Two-step empirical CDF from one-step empirical CDF


Suppose I have a random variable X_i which changes by X_{i+1}=X_i+\delta_i from one timestep to the next. Suppose I do an experiment where I observe N values d_1,d_2,\ldots,d_N of $\delta_0$ and make an experimental CDF of \delta_0, by sorting d so that d_1 \leq d_2 \cdots \leq d_N, and then approximating the CDF of y as \frac{i}{N} where $d_i \leq y \leq d_{i+1}$.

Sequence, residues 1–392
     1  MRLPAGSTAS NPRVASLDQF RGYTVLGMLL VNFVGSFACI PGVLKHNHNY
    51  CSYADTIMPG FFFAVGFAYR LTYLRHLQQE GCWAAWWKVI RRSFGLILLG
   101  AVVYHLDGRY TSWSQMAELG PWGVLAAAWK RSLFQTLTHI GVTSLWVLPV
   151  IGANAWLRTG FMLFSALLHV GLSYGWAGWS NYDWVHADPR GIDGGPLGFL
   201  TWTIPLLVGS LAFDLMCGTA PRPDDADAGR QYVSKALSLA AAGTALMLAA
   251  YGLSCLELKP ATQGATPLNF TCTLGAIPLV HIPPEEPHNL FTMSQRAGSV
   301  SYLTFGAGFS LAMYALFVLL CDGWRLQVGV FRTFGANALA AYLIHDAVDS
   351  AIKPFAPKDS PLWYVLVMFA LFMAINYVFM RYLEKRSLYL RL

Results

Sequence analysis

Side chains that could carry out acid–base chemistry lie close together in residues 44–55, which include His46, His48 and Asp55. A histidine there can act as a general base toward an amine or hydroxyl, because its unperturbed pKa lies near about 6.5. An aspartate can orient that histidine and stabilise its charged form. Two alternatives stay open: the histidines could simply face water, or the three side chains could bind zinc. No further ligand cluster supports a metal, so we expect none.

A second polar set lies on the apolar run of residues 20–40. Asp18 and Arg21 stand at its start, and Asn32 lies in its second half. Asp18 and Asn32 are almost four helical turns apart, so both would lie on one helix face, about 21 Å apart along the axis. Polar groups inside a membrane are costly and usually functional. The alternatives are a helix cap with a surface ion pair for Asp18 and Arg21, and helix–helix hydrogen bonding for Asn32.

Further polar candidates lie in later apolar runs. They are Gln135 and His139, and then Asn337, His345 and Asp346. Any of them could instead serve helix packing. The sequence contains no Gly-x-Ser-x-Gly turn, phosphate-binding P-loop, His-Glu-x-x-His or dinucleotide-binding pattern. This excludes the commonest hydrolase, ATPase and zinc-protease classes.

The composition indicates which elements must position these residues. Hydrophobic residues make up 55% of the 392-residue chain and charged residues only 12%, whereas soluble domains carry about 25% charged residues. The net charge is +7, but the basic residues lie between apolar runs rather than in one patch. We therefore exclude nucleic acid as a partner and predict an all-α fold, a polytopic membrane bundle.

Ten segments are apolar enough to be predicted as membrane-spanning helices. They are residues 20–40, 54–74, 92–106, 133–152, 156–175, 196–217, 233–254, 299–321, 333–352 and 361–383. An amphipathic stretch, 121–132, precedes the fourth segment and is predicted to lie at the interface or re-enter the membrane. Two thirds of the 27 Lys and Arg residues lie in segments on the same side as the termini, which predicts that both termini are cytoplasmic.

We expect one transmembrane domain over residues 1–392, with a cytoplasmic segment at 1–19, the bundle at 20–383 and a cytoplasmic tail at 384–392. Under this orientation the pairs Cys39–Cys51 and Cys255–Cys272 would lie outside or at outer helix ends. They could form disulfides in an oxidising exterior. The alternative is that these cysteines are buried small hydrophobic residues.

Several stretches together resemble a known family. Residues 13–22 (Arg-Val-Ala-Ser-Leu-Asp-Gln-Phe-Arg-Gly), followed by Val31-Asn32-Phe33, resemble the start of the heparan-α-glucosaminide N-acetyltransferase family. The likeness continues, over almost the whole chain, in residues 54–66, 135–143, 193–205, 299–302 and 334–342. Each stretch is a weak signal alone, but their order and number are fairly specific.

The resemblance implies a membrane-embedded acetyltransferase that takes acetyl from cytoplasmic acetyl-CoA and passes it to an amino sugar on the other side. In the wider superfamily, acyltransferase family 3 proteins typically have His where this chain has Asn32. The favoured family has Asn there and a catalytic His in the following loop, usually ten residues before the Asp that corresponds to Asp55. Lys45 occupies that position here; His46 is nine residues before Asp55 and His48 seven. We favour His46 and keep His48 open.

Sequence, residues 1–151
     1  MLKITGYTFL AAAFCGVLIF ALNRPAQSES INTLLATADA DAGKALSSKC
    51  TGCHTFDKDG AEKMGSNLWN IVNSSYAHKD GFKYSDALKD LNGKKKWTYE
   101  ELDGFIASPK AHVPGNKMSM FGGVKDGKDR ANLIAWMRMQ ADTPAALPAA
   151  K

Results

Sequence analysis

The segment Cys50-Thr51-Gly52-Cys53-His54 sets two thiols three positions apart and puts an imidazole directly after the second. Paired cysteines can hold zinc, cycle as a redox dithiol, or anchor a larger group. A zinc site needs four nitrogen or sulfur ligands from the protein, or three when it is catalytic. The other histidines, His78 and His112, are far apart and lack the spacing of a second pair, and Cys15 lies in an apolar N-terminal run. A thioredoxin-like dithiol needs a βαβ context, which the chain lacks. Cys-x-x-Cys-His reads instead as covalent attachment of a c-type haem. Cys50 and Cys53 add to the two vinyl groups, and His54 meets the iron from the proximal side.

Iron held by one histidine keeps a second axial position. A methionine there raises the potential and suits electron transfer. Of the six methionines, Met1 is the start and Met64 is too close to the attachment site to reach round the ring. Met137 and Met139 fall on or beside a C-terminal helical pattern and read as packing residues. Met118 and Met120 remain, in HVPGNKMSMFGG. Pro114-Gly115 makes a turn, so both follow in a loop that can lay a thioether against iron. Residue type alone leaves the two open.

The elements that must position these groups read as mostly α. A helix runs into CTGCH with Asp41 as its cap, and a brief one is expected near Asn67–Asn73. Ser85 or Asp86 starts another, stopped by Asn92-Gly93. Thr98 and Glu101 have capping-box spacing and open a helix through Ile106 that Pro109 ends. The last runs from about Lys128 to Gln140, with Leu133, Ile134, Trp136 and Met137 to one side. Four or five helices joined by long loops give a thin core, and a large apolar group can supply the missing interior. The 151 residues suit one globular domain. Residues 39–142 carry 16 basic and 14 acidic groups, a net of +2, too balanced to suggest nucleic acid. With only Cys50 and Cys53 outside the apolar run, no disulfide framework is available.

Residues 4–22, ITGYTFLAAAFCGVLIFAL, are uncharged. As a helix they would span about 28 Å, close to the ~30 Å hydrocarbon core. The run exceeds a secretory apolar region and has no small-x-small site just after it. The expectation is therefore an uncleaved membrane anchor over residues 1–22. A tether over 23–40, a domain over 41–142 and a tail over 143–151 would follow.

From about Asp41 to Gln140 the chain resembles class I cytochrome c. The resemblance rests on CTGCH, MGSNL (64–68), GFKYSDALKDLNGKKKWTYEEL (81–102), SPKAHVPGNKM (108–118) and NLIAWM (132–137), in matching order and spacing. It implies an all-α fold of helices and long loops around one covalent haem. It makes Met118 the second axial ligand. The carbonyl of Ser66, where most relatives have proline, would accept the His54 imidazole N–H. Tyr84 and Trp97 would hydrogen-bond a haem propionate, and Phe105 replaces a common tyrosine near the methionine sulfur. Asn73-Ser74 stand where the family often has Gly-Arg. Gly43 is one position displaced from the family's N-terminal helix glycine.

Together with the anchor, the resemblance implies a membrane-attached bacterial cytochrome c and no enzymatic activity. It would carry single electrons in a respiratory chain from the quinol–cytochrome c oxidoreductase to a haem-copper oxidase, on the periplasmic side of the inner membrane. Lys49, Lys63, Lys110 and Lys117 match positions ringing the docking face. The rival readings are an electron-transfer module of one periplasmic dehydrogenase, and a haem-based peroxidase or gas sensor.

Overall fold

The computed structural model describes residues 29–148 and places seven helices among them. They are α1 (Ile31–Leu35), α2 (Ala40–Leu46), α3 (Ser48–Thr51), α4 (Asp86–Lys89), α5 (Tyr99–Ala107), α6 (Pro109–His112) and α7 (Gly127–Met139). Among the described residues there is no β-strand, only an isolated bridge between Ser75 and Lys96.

Question: What is the most efficient way to compute the empirical CDF of two steps of X, assuming that the process for going from X_i to X_{i+1} follows the same empirical distribution? The brute force way that occurs to me is to create the set E={d_i+d_j: 1\leq i\leq N, 1\leq j\leq N}, sorting E=e_1,\ldots,e_{N^2} and then approximating the two-step CDF of y as \frac{i}{N^2} where e_i \leq y \leq e_{i+1}.

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